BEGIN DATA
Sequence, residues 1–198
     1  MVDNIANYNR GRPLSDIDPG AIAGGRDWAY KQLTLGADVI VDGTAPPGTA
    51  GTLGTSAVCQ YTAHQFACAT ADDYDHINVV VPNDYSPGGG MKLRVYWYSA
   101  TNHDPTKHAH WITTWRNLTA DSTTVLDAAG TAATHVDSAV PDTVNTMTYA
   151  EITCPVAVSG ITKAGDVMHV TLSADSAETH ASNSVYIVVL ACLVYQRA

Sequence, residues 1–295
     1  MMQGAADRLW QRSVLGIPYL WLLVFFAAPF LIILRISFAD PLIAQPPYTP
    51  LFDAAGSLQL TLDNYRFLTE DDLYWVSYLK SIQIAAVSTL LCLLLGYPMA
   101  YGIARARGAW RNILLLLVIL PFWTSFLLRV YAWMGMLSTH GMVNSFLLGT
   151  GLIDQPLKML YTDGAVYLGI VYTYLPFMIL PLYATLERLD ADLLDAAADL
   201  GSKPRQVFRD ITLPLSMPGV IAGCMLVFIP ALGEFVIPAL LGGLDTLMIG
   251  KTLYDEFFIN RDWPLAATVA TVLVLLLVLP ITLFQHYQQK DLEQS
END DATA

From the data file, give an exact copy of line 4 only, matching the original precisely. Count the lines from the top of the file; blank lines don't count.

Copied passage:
   101  TNHDPTKHAH WITTWRNLTA DSTTVLDAAG TAATHVDSAV PDTVNTMTYA